Media descend on desert


Published: Saturday, January 6, 2007 at 6:01 a.m.
Last Modified: Friday, January 5, 2007 at 11:30 p.m.

SCOTTSDALE, Ariz. — As the sun goes down in the desert here Friday, the Camel Back Inn is awash with news media who've descended on the Phoenix area to cover the BCS National Championship.

No matter what happens Monday when the University of Florida matches up with Ohio State University, rest assured it will be televised, and written about, and blogged about and graphically illustrated by the throng of news media personnel who've come from all over the United States to cover the game and its buildup.

The BCS has supplied news media credentials to more than 14,000 people. Shawn Schoeffler, vice president of media relations for the championship game and the Fiesta Bowl, said the media influx for this game appears to be without precedent.

"This is the most media we've ever had for any bowl game I've worked at," said Schoeffler, who has been working with the bowl system for 14 years.

The spike in news media coverage is in part because of the timing of this year's championship. The BCS added a game this year, stretching the bowl system through Jan. 8. That allowed reporters to cover a bowl game in their home markets and still have time to make it out to Arizona for the championship.

Though deadlines are tough, there's little denying that members of the news media are being pampered here by the BCS.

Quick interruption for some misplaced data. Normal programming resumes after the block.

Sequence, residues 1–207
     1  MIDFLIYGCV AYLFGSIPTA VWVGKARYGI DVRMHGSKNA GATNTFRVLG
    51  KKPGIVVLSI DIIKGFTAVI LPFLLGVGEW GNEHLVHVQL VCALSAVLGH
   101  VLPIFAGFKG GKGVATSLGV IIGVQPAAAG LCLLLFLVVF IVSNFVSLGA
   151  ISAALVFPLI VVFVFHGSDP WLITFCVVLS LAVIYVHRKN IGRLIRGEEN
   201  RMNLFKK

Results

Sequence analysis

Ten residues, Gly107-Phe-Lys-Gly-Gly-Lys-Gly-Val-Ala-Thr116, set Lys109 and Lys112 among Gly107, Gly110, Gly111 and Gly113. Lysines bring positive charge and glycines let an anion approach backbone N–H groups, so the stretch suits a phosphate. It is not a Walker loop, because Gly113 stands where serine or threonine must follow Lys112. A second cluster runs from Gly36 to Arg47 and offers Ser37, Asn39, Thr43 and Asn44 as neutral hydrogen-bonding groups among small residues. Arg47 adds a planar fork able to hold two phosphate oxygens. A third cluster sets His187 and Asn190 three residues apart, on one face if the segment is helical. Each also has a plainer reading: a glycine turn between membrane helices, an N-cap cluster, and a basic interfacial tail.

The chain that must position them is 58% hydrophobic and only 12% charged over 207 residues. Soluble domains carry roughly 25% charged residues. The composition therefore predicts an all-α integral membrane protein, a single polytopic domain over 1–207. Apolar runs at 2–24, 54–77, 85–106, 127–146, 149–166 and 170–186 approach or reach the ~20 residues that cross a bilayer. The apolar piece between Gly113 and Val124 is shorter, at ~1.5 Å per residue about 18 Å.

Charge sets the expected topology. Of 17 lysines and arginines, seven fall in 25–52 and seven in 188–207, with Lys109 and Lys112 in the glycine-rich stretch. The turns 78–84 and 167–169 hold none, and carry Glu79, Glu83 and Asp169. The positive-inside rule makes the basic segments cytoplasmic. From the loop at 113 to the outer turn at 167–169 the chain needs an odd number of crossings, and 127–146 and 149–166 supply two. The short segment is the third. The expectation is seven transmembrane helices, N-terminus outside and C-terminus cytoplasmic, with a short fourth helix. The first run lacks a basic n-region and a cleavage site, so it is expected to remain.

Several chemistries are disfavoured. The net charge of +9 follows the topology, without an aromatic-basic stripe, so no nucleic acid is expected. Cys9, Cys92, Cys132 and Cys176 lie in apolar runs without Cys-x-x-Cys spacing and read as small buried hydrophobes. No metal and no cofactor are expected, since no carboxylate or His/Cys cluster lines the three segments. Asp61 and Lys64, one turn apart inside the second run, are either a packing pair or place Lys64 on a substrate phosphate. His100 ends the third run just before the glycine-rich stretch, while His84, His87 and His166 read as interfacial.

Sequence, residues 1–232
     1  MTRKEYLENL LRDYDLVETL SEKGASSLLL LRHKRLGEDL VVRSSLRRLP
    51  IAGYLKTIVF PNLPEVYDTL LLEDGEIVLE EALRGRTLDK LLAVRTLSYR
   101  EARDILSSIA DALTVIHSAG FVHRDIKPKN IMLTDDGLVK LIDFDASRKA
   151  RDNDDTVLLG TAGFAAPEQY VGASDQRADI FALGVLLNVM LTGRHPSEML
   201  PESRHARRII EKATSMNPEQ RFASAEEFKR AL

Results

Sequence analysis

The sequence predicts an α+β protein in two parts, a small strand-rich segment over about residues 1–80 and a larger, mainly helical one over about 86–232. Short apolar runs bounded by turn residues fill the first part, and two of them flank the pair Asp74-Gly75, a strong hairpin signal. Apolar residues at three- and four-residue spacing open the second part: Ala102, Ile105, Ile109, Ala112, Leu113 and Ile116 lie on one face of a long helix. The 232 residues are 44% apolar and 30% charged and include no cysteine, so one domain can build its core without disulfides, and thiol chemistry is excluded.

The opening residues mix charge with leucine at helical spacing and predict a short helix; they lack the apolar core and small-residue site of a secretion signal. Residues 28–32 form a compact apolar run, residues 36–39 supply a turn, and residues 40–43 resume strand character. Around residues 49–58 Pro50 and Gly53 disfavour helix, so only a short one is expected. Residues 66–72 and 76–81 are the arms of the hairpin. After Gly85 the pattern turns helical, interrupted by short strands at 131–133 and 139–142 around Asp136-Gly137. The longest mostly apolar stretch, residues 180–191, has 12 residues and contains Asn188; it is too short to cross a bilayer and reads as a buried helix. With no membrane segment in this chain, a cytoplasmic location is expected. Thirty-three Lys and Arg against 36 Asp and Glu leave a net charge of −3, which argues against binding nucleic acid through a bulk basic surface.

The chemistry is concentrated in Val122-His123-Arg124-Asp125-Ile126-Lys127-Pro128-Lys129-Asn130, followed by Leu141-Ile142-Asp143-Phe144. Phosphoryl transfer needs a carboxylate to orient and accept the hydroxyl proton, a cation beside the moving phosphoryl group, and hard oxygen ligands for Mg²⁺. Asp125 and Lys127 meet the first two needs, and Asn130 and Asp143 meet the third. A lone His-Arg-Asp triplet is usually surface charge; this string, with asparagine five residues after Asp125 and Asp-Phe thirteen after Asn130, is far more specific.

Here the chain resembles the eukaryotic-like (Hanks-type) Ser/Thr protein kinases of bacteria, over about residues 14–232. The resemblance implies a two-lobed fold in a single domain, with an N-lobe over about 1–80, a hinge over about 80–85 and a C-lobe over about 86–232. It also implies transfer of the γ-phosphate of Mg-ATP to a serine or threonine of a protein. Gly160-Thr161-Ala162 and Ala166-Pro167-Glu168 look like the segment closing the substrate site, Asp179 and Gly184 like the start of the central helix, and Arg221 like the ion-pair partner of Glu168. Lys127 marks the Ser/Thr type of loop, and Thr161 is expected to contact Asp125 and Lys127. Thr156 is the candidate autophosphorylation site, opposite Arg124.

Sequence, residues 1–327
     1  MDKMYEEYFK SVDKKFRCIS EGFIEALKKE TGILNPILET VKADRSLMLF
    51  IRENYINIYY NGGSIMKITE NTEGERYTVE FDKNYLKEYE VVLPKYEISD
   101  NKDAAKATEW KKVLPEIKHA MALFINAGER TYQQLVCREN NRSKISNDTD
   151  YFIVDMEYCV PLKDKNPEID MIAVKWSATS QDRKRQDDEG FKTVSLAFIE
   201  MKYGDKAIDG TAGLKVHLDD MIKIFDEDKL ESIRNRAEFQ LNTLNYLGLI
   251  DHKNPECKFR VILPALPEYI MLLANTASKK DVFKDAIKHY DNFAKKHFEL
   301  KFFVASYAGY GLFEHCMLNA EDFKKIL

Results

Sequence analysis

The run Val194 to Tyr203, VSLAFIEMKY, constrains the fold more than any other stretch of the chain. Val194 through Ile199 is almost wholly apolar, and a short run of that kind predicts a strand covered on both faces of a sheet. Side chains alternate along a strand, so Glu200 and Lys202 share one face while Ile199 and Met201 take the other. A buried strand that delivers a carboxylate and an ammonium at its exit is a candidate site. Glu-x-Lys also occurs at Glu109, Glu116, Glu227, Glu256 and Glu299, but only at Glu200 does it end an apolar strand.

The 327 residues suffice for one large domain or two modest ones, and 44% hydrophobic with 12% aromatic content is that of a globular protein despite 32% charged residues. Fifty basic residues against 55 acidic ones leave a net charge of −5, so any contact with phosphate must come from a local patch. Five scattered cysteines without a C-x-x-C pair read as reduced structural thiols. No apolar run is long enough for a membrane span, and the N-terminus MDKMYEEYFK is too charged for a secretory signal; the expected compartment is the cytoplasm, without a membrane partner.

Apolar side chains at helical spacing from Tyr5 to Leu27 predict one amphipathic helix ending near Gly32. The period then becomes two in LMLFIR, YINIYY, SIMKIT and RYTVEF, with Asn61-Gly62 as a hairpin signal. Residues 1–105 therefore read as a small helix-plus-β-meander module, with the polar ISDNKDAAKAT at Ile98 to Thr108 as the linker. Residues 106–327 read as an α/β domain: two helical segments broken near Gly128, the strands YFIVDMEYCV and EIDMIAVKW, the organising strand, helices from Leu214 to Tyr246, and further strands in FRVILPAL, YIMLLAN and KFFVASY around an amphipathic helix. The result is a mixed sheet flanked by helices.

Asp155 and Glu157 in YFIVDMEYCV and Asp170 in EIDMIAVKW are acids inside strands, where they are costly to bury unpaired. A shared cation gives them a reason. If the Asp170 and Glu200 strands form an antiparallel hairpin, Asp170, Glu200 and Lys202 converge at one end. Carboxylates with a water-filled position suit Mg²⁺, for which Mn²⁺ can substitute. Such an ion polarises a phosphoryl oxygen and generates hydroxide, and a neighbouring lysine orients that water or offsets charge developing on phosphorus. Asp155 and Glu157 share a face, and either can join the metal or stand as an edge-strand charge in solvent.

The next few days are filled with elaborate dinners and more than a little bit of free food. In the Camel Back Inn's media workroom Friday, tables were covered with hot pretzels and small hamburgers. And, in homage to the game's corporate sponsor, Tostitos products were placed on tables everywhere.

And there's one additional perk: "There's all the free beer you can drink at the Camel Back," Schoeffler said.

The Camel Back Inn, a five-star resort overlooking Scottsdale's rolling landscape, is one of three primary hotels for news media covering the game.

Mark Long, a sports reporter for The Associated Press who covers the Gators and the Jacksonville Jaguars, is coy when discussing all the perks the BCS has rolled out this year. But after a long season of intense coverage, reporters view bowl games as a reward at the end of the year, much as the players do, Long said.

"I don't want to give away too many secrets (about the perks)," he said with a laugh. "But they're almost treating us too good."

Long arrived in Arizona on Monday and says what began as a trickle of reporters last week turned into a full-fledged flood by Friday.

"I can see the increased activity," he said. "You're starting to get a feel for the buzz."

The AP alone will have about 20 staff members in town this week from photographers to writers to television reporters. ESPN, which will start broadcasting Sports Center here Sunday, will bring about 70 people to town.

With the influx of media, Desert Gator Club President Gary Manton has been inundated with media queries.

"It's been insane," he said."It really has."

With Gator fans flooding in this weekend, it's sure to get even crazier for Manton — and the media covering the game.

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